Animal Regulations

Dog with tennis ball

Animal Services enforces the following regulations within the City.

Unless located in agricultural zone, neighborhood conservation zone, or if you are a person holding a valid pet fancier’s permit Centennial residents are allowed to own, or have custody of, a maximum of:

  • Four regulated pets of more than four months of age; and
  • Six chickens, provided that chickens must be contained in a covered enclosure between dusk and dawn.

Regulated pets include dogs and cats. Non-regulated pets are animals that are typically kept indoors in a cage or container. Examples of non-regulated pets are chinchillas, domestic rabbits, mice, rats, gerbils, ferrets, hedgehogs, sugar gliders, canaries, finches, starlings, doves, domesticated parrots, aquarium fish, nonpoisonous amphibians, nonvenomous invertebrates and turtles of a species and size which is permissible under state law.

A pet fancier’s permit can be completed in writing and approved by Animal Services.

Animal bites, especially dog and cat bites, occur frequently and can be a serious public health problem. Regardless of the extent of injuries, if the skin of the person that has been bitten is broken, the bite must be reported to Animal Services. Animals involved in bites to humans will be quarantined. The purpose of the quarantine is to monitor the animal’s health for warning signs that the animal may have transmitted the rabies virus to the person that was bitten.

All dogs, cats and ferrets over the age of six months must be vaccinated against rabies by a veterinarian.

All dogs over the age of six months must be licensed with the City of Centennial. All dogs and cats must wear a collar with a readable tag or have a microchip implanted while off the premises of the owner's home. This enables Animal Services to identify the owner.

License your pet online.

All pet owners must provide animals with minimum care to ensure that its living space is not overcrowded, unclean or unhealthy.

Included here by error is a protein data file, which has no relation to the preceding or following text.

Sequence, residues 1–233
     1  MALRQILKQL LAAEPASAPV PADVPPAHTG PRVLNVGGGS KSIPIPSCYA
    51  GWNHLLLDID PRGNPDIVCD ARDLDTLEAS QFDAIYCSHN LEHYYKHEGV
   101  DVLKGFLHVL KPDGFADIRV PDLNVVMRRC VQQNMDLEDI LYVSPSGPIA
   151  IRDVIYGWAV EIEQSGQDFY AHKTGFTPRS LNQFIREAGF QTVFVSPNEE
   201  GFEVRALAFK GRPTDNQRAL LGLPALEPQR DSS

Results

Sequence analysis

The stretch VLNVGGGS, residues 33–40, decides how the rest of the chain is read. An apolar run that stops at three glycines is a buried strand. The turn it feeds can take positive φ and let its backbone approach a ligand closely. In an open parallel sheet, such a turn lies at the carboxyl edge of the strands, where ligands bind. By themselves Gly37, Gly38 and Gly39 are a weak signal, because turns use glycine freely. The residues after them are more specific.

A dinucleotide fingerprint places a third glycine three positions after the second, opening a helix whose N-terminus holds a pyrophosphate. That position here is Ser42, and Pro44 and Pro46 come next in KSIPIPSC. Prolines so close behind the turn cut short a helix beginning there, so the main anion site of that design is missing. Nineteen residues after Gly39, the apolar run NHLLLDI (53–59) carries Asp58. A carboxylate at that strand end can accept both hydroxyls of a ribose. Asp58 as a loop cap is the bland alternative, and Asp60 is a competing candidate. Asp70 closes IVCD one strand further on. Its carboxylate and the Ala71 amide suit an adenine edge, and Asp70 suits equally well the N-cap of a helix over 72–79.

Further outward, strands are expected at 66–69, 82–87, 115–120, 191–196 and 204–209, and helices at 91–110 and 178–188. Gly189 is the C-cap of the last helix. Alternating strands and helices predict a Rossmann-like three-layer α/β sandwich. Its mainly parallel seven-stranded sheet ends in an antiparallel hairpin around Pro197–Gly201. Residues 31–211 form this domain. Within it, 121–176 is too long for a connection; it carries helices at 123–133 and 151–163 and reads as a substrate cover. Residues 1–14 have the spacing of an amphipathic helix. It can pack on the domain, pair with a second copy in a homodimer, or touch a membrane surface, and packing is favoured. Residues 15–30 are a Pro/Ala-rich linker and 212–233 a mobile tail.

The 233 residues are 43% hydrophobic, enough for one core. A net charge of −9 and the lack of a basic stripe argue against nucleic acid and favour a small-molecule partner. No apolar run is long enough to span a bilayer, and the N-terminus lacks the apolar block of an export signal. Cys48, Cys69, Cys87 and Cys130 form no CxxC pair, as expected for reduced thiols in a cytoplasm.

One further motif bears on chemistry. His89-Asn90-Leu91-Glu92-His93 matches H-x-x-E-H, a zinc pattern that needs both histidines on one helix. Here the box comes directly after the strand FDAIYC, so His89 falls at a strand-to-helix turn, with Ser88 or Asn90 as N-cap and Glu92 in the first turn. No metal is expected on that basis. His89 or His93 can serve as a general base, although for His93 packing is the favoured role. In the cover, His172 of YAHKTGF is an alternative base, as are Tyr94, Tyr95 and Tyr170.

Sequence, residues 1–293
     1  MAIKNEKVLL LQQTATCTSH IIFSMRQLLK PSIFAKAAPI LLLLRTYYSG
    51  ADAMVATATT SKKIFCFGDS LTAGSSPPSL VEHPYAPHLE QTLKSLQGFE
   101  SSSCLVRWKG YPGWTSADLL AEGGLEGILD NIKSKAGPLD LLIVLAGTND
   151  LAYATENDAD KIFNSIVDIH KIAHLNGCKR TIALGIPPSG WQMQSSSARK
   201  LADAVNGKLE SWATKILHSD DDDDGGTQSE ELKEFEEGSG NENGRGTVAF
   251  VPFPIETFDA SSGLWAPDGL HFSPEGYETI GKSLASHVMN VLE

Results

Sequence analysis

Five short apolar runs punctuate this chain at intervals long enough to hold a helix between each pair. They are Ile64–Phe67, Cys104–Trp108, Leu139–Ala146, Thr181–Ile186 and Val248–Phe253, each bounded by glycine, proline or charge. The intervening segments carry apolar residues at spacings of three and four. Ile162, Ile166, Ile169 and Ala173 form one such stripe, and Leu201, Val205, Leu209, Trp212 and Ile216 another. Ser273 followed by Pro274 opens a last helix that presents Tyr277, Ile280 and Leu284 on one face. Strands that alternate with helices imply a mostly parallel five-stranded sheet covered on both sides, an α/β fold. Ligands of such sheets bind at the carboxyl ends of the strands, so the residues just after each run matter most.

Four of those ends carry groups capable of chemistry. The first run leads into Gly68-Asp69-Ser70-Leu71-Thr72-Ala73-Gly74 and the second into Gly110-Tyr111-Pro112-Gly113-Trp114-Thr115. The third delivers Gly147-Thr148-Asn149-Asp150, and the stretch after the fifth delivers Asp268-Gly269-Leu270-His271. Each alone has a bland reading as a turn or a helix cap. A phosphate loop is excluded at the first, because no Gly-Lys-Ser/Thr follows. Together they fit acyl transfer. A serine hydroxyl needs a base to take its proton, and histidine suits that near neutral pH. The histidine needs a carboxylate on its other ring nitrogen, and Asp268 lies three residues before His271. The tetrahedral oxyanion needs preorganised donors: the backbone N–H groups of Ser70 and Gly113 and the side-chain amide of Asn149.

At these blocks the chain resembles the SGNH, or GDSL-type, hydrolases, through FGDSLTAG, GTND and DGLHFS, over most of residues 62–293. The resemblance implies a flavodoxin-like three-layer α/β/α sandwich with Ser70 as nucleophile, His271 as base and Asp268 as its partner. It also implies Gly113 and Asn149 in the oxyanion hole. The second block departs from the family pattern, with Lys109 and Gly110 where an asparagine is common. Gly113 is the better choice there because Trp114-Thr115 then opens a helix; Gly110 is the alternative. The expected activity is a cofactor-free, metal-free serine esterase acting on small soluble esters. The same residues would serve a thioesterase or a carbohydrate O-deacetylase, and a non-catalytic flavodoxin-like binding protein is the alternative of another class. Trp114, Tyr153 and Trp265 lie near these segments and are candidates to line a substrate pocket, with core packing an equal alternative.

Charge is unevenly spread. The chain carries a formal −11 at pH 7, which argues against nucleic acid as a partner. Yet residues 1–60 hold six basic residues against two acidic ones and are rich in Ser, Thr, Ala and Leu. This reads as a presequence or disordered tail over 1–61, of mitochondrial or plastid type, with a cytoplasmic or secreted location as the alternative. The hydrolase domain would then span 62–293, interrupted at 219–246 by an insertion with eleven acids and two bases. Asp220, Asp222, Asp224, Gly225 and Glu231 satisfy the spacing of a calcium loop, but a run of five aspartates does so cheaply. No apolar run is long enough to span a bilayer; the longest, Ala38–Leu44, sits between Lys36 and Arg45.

Animals must be kept under control for their own protection and to preserve the public health and safety of our citizens. Dogs, livestock, and other animals found off the owner’s, or keeper’s, property are called “strays” and may be impounded. The owner, or keeper, may also be fined.

All dogs must be on a leash of no more than 10 feet in length by a person of sufficient age, size and physical ability to restrain the animal when off the owner's premises.

Potentially Dangerous Animal means any animal that may be a threat to public safety as demonstrated by any of these behaviors:

  • Causes less than serious injury to any person or domestic animal (report an animal bite);
  • Without provocation, approaches any person in a menacing or terrorizing manner or in an apparent attitude of attack;
  • Attacks any person who is lawfully on the owner’s property; or
  • Acts in a highly aggressive manner within a fenced yard or enclosure and appears to be able to jump over or escape.

Dangerous Animal means any animal that:

  • Causes serious bodily injury to any person or domestic animal (report an animal bite);
  • Had been previously declared a “potentially dangerous animal” and has engaged in subsequent behavior that poses a threat to public safety or the conditions for keeping a potentially dangerous animal has been violated; or
  • Engages in or has been trained for animal fighting.

Incessant barking can be very disturbing to the peace and quiet of a neighborhood. In addition, loud, persistent, barking violates the City of Centennial Municipal Code. It is unlawful to keep a dog that makes noise by barking, howling, yelping or other noise for a:

  • continuous 10 minutes during the day (7 a.m. to 9 p.m.);
  • continuous 5 minutes during the night (9:01 p.m. to 6:59 a.m.); or
  • for a cumulative 90 minutes in any 24 hours.

More information can be found in our Noisy Dog pamphlet(PDF, 4MB)